Like Romanians and Poles, Argentinians have also expressed their opposition to fracking. Ever since the Argentinian government reached an agreement with Chevron in July 2013, allowing it to drill more than 100 wells in the short-term and an additional 1,500 by 2017, massive numbers of Argentines have been demonstrating against fracking. In their opposition, they have had an important supporter, Pope Francis, who has met with Argentinian anti-fracking activists and held up T-shirts with their slogans.
One of the major arguments used by the Romanian government to gain public support has been to suggest that shale gas exploitation could ensure Romania’s energy independence from Russia. According to Eurostat, Romania is one of the least energy dependent countries in the EU. Romania is currently importing only a third of its annual gas consumption from Russia, while producing the rest from local fields. Romania holds the third largest natural gas reserve in Europe, after Norway and the Netherlands, and the 30th worldwide.
According to the Romanian Petrol Law, “the holder of the petrol agreement has the right to dispose of its oil as it pleases, including to export it.” In the agreements with Chevron, the company gets 100 percent of the shale gas and has the right to export all the extracted gas abroad. Moreover, the royalties that Chevron owes the Romanian state are financial, not shale gas. Therefore, it seems that Romania is selling itself short and losing its precious resources, while potentially irreparably damaging the environment.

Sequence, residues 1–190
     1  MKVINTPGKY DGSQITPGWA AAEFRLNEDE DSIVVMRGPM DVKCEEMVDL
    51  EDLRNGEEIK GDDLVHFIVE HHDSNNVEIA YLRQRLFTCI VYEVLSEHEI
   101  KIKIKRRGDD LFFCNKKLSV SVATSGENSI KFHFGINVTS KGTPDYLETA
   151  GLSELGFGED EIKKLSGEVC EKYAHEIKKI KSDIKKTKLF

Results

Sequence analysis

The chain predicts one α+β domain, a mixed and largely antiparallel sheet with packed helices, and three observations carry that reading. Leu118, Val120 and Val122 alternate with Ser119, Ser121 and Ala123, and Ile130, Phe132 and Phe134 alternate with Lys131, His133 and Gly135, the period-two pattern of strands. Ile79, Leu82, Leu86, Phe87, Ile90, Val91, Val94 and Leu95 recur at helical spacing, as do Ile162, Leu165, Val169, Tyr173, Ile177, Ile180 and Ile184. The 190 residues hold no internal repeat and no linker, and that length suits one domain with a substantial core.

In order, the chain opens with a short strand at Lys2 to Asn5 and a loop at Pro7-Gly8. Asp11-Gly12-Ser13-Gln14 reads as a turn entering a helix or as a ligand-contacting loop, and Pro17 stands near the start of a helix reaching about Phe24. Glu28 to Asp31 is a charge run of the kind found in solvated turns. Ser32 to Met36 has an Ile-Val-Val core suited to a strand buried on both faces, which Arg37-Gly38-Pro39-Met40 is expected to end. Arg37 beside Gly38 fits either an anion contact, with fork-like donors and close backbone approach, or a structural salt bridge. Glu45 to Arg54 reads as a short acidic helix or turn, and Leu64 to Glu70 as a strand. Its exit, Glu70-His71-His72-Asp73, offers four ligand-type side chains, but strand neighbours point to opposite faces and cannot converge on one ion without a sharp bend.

Furthermore, it is important to consider the cost that the country will have to pay for environmental damage and displacement. In villages, such as Pungesti, people are farmers and rely on their land and water used in agriculture to survive. If they are deprived of their land, they can no longer earn their living and are thus thrown into a desperate and undeserved state of poverty.
The fracking protests in Romania, Poland and Argentina also brings up the ethical question of the responsibility to preserve natural resources for future generations or, when needed, to use the resources in a way that adequately benefits future generations through savings or investments.
The Romanian government, which, according to the Corruption Perceptions Index 2013, is only slightly less corrupt than Bulgaria and Greece among its fellow EU members, and ranked last in ability to absorb European Union funds, is not the type of government, which cares enough for its current or future citizens or has the needed economic know-how to responsibly administer the country’s resources.
The views expressed in this article are the author’s own and do not necessarily reflect Al Jazeera’s editorial policy.